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    FIVE SERIES DEATH PUNCH

    This unassuming #BMW E28 hides 655whp of pure turbocharged fury beneath its classic styling. With massive turbocharged power wrapped up in unassuming E28 looks, this 5 Series is one deadly road warrior. Words: Elizabeth de Latour. Photos: Hjalmar van Hoek.

    Turbo E28s are like buses: you wait ages for one to come along and then three awesome feature cars turn up in the same year. But as fans of all things E28 (and turbocharged) we’re most definitely not complaining. It probably won’t surprise you to learn that this E28 hails from Sweden, as there seems to be something in the Scandinavian water that makes BMW fans shut themselves away over the long winters and emerge blinking into the spring sunshine having crafted some form of forced induction beast over the preceding months. Works for us.


    By day, Gunay Selmanovski is busy repairing Volvos but by night, and possibly also on weekends, he can be found thundering around the Swedish countryside in this beast of an E28. It’s his first project on this scale, his previous cars having all been modified but none beyond some lowering springs, bigger wheels and an exhaust, so he’s really done an awesome job.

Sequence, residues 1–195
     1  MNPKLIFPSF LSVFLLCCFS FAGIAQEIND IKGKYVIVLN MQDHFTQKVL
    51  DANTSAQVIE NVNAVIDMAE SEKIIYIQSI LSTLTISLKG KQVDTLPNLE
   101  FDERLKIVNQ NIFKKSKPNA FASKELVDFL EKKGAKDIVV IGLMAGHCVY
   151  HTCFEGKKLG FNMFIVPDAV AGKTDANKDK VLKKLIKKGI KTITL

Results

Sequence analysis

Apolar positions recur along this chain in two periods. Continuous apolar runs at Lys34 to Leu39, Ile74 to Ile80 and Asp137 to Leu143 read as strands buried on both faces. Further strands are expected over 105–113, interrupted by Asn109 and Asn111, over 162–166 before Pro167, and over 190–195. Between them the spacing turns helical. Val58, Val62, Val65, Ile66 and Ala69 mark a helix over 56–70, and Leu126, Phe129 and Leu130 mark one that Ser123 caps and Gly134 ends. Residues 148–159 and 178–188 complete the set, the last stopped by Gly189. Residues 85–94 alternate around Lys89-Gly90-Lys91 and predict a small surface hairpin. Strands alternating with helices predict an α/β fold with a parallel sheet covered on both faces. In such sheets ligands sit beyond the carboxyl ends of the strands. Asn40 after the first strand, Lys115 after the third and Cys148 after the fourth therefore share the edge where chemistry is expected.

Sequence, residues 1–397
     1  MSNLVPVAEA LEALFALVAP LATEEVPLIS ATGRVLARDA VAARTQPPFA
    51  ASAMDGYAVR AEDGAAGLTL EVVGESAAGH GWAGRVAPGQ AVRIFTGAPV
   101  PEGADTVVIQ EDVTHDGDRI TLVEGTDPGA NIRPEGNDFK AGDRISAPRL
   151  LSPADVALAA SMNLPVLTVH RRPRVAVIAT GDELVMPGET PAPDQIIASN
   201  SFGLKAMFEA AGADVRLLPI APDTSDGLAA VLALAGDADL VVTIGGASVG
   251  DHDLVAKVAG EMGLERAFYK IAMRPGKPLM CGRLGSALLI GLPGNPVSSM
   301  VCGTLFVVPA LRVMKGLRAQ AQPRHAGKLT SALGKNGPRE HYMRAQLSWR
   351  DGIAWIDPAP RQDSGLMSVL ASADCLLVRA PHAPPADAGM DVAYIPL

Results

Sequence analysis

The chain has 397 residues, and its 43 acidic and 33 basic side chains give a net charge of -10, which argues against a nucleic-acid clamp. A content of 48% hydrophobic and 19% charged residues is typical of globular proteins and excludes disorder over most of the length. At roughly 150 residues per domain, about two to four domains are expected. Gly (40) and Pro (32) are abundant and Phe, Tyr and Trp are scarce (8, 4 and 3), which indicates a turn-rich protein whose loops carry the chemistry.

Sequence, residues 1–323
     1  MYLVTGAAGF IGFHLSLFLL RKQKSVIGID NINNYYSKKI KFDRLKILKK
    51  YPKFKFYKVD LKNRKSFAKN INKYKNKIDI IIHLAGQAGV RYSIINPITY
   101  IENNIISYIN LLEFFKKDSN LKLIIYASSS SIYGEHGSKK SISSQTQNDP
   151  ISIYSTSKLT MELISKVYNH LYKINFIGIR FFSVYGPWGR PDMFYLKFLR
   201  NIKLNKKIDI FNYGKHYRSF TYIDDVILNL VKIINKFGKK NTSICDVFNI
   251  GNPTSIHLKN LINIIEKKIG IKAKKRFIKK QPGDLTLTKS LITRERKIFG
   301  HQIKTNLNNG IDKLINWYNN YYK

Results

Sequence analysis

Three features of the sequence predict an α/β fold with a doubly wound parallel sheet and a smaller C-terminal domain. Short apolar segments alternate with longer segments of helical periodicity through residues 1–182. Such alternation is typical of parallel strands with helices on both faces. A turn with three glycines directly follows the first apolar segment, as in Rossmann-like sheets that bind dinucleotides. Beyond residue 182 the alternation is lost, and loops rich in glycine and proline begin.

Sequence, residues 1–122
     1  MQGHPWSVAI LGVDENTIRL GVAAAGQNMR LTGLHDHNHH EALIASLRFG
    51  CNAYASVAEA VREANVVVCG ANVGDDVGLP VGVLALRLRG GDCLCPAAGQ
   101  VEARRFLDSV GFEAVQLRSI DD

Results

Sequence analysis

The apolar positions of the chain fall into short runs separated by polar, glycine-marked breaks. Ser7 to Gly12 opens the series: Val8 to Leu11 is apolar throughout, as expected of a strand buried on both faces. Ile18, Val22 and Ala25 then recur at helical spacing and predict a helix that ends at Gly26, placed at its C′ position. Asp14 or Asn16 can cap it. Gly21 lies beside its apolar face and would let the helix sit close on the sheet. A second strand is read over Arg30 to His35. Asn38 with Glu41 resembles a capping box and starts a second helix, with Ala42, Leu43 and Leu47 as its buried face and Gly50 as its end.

He has owned the car for ten years now, purchasing it as a “poor student” (his words) at the tender age of 21. “The performance for the price was unbeatable,” he says, “and it was a great combination of handling, power, convenience, luxury and comfort – it really is the ultimate driving machine.” Purchased with no plans other than simply enjoying the driving and ownership experience, all that changed when Gunay stumbled upon an M106. That makes this the second car in this issue running that engine (the other is 666CSi ) and the third this year – clearly, it’s the current go-to choice for a big-power straight-six.

    Gunay has been working on the car since 2005, starting out in a rented garage before it was moved to his dad’s garage in 2010, and this E28 has come a long way from the rusty and rather sorry state that he purchased it in all those years ago.